As hinted by the title of this post, the resulting documents aren’t data processing agreements. Instead, agreements between contracted parties and ICANN incorporate “data processing specifications”, one for registries and another for registrars.  

These specifications are optional. They only apply to TLDs where the registry necessitates the transfer of registrant personal data, which may only sometimes be the case. 

Additionally, clarification is needed regarding this document. Some members of the ICANN community misunderstand the inclusion of an “accuracy” clause. This clause simply mirrors the GDPR obligation for controllers to allow data subjects to maintain accurate data and, if necessary, delete it. It does not impose an additional validation obligation on registrars and registries. However, such a validation obligation may arise from the NIS2 directive, a topic for another discussion in October 2024.

The Privacy Proxy Accreditation Program Update

Have you ever wondered why so many domain names are registered under names like “Whois Privacy S.A.”, “Domains by Proxy Inc.”, or “Contact Privacy Inc.”? 

Despite EU data privacy laws existing since 1995, ICANN policies historically disregarded them, mandating registries and registrars to publish the personal data of every registrant. 

To address this oversight, registrars and others introduced privacy services, replacing registrants’ details with those of an entity, often affiliated with a registrar. While ICANN required the actual name of the privacy service provider to be published in the whois database, these entities adopted suggestive names to indicate the redaction of registrant details. 

Amidst growing privacy concerns and rampant email marketing spam, privacy services gained immense popularity. However, not all users had noble intentions, with some exploiting these services for illegitimate domain use.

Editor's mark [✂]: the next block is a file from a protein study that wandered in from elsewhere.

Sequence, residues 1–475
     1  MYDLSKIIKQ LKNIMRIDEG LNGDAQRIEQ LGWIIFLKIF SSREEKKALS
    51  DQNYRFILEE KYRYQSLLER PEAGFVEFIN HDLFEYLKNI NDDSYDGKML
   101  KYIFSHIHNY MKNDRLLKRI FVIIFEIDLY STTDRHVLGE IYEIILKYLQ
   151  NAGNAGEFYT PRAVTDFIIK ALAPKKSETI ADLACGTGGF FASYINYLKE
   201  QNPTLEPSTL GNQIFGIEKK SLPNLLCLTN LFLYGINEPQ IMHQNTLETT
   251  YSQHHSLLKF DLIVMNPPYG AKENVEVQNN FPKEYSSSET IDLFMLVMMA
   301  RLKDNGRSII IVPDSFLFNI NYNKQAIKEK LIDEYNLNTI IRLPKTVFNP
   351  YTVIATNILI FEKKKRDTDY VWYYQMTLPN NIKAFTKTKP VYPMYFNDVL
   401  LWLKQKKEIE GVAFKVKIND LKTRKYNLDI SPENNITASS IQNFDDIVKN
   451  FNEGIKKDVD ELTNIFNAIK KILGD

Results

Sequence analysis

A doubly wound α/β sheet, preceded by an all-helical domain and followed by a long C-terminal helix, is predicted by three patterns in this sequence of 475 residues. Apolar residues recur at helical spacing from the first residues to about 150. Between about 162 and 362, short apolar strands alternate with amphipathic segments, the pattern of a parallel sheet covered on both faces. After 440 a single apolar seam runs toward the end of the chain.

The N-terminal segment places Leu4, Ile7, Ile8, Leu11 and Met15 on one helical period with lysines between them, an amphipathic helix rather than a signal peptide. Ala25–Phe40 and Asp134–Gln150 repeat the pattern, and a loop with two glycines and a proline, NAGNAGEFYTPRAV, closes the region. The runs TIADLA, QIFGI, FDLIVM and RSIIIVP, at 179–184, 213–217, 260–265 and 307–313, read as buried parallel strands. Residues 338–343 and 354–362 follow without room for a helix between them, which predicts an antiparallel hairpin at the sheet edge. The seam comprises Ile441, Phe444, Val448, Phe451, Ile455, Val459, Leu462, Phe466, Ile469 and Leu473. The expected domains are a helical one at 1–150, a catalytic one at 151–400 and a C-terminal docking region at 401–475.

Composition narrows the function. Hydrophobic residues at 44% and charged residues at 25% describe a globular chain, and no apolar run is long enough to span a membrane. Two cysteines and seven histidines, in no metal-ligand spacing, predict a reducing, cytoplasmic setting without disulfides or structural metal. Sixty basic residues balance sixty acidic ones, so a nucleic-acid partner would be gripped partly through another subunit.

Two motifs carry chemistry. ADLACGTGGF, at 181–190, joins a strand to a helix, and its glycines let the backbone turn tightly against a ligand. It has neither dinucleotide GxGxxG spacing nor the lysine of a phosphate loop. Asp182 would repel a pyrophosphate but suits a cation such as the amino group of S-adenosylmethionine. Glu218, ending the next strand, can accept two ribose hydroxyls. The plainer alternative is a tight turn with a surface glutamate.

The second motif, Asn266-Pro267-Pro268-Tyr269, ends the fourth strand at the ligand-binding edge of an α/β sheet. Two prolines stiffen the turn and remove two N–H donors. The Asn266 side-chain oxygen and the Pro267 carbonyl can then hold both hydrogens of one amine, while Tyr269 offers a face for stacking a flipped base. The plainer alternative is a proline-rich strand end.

Consequently, when the 2009 version of the Registrar Accreditation Agreement was revised in 2013, a specific clause was added to foresee that ICANN would establish and implement a Privacy and Proxy Accreditation Program to regulate this service. 

In October 2013, a working group was formed to develop this program’s policy. After 76 meetings, a final report was adopted by the ICANN Board, a process marked by challenges reconciling privacy advocates and intellectual property interests.

ICANN’s RAA and the EU’s GDPR

This policy was developed before GDPR was even adopted by the EU, which led the group to devise a policy on semi-blind guesses about what obligations would apply to registrars and privacy service providers. 

In October 2016, a new group of volunteers formed an Implementation Review Team to implement the final report. The team tried its best, but after 61 weekly meetings and the passing of the Temporary Specifications, we had to wait for the registration data policy to be revised in light of data privacy laws. 

With the adoption of Temporary Specifications, registrars gained authority to redact whois data without replacement details, leading to a proliferation of “redacted for privacy” entries. 

This image of lawmakers in the EU highlights the power of collaboration in the wake of ICANN 79.

Following the publication of the final registration data policy, ICANN can now resume PPSAI implementation efforts. An informal meeting during the San Juan gathering discussed the discrepancies between the 2016 report and the 2024 registration data policy. The consensus was to reconvene the Implementation Review Team, examining potential conflicts and, if necessary, seeking revisions from the GNSO Council. 

While it may be disappointing that the accreditation program of privacy provider services (and its mechanism to request the disclosure of underlying registrants’ details) will be stalled again, moving forward with a weak policy would not have satisfactory results.